Location: New England, United States

Tuesday, June 20, 2006

Sisters and Forgiveness

Time passed as it sometimes does - quickly and quietly. My father's employer transferred him to Connecticut leaving me in Kentucky with my husband and daughter. My sister, Barbara, had married and moved to Chicago with her husband. A year later she gave birth to a little girl, Beth.

On one visit to Chicago, with encouragement from my husband, Barbara and her husband Walter decided to move to Kentucky. They asked if they could stay with us until Walter found a job and they could buy a home. We agreed.

What sounded like a good idea in Chicago, became a stressful situation in Kentucky. Walter and Barbara stayed with us for many months, far longer than we had anticipated. Four adults and two children living in our tiny house created stressful situations for us all, and I was building a growing ire against my sister.

Barbara did not work, so she stayed home with the two children. At the onset of our arrangement, I had visions of coming home from work to find the house cleaned, the laundry done and dinner cooking on the stove. My visions were seldom realized, and requests went unheeded. As the weeks dragged by, the anger hidden deep within me became heavier and heavier.

One night, unable to sleep, I quietly rose from my bed. The anger I harbored played in my mind like a drama with no resolution, and I needed an answer. I grabbed my Bible and there at my kitchen table, I began to pray. "Please God, please make my sister and her family leave my house. I can't take anymore."

At the time, I was reading the Bible from cover to cover, so I opened to my marker and continued reading. Suddenly, I heard someone coming down the hallway; it was Barbara. "I can't sleep." She said. "What are you reading?"

The peace I had obtained from my little prayer and reading washed away with resentment. I had sought some solitude as an ointment to my suffering, and even that was now stolen from me! "Do you want me to leave?", she asked while she sat down at the table.

"Help me!", I screamed inside my head terrified that if I opened my mouth a dark bile of words would pour forth.

Then, "Tell her how you have been feeling and apologize.", popped into my head amidst the turmoil.

"I can't tell her. What I am feeling is so ugly."

"I want you to tell her, calmly, and then apologize for feeling this way. This is not about you, it is about her."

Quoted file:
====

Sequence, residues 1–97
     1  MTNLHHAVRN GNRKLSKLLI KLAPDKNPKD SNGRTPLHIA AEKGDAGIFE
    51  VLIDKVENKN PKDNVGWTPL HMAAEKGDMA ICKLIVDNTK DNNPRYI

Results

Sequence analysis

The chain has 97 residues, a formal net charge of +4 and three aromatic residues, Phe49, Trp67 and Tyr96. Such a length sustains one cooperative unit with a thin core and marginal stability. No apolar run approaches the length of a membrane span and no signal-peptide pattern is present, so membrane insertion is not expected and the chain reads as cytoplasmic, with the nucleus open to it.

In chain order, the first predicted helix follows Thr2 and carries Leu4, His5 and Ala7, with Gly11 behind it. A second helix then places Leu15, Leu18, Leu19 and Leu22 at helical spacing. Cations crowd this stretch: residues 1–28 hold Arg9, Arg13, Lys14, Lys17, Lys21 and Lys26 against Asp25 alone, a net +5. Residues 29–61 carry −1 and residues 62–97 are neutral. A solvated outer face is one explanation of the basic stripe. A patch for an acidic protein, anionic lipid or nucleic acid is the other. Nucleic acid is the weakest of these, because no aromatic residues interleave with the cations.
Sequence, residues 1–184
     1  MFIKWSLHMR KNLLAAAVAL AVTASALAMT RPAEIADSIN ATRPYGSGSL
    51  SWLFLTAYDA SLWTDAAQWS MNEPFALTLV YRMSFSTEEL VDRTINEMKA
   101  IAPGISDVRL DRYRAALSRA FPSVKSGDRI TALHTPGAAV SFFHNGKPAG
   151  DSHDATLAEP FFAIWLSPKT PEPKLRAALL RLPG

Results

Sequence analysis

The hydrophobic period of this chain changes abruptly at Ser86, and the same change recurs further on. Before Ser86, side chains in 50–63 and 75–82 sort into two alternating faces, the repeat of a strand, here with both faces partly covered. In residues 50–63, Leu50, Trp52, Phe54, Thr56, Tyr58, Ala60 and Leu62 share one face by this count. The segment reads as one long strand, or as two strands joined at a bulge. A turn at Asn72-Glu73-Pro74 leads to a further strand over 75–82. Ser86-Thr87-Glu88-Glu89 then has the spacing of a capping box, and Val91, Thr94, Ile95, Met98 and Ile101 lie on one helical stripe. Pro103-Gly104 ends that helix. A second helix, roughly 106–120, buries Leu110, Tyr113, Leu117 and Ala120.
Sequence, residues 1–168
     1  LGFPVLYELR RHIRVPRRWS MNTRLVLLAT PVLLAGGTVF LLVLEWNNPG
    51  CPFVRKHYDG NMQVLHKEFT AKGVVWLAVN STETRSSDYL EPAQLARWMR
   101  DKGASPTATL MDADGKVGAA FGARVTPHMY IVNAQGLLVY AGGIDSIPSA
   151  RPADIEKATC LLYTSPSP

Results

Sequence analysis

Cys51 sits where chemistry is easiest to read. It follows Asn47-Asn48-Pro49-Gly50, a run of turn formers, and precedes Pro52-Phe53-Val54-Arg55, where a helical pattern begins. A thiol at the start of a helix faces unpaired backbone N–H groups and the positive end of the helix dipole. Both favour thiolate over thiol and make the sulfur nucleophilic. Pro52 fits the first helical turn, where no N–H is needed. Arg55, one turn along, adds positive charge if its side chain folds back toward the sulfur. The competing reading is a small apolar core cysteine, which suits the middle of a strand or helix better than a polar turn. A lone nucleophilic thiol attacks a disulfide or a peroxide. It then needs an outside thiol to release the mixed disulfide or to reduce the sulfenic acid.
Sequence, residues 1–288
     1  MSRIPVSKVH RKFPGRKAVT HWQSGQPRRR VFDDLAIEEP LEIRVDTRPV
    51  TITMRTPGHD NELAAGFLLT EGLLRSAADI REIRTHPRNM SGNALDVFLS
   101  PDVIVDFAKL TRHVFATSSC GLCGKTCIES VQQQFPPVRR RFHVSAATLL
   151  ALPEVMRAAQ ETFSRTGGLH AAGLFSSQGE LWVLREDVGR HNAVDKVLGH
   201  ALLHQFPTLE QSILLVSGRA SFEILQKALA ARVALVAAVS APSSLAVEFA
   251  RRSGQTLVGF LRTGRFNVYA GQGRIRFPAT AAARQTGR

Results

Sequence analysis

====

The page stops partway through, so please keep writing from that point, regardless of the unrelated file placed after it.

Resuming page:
I knew what God meant. Barbara knew that I had become a Christian and had been baptized, but we had never really discussed why I had done this. All she knew was that I had turned my back on my Catholic heritage. Whether she understood my transformation or felt that I had lost my mind; I had no idea. It was time to tell her.

So, I proceeded to tell her how I was feeling. I told her that when they first came to live with us, I was so excited to have family near me again, but the happiness quickly turned to anger and resentment. I resented not only that she could be a stay at home Mom, but that I was still expected to cook dinner and clean when I got home from work. I can still remember how humiliating and painful it was to express all my black feelings. Pain and anger flickered across her face like a strobe light. Then I asked her to forgive me.

This was not what she had expected. She was probably preparing herself for at least an argument, or perhaps she expected and request for her to leave. Instead I asked her for forgiveness. She started to cry.

We both cried. Then I shared with her what God had told me to do. The next couple of hours were spent talking about God, Jesus and the plan of salvation.

Barbara did not accept Jesus as her Savior that night, but years later in Tennessee, Barbara and her husband were baptized in a small country church. The seed that had been planted that night at my kitchen table - by God - germinated and took root.

"Another parable he put before them, saying, "The kingdom of heaven may be compared to a man who sowed good seed in his field;" Matthew 13:24 RSV


Blogger KayMac said...

What a beautiful story about authenticity and the power of the gospel. thank you.

4:27 PM  
Blogger Jody said...

This story gives me hope for my twin sister. We have discussed God many times, but she is unwilling at this point to fully submit to God. When I first became a christian 4 years ago I joined a church that was unhealthy and dogmatic about how it dealt with people in and out of the church. My sister somehow saw the warning sign that I was blind to and she cautioned me. 6 months ago I left that church and I have been more open with her about the pain of getting hurt by the people I trusted but also showing her that I am still devoted to God and I am not giving up on being a christian. It has opened up a chance for me to apologize for not listening to her in the beginning, but also telling her what God really desired of HIs people. Anyway. It's hard to see the fruit of our conversations and I know i am far from perfect. I just pray that God will speak to her so clearly she cannot deny Him and she will be born again.

11:56 AM  
Blogger sophia said...

God is so good! I'm so glad you listened to what He told you. Pride would have kept you from expressing your frustration. Anger and hate would have caused you to accuse her and be ugly. Love caused you to be humbly honest and reach out even in your frustration. I pray that I will learn to listen to God better in the midst of turmoil!

2:47 PM  

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